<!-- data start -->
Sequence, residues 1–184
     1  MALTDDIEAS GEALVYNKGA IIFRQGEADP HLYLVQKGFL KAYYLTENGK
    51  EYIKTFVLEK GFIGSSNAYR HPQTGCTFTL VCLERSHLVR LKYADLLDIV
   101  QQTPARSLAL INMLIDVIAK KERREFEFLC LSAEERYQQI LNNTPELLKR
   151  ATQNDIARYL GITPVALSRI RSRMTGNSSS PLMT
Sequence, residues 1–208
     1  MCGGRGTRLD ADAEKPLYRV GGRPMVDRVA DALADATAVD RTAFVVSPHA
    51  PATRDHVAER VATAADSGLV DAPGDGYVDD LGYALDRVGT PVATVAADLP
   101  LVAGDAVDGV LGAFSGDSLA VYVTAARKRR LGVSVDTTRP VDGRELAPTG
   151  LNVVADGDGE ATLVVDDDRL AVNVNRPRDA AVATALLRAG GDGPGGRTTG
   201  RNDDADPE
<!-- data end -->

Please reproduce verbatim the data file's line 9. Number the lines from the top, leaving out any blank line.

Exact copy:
   101  LVAGDAVDGV LGAFSGDSLA VYVTAARKRR LGVSVDTTRP VDGRELAPTG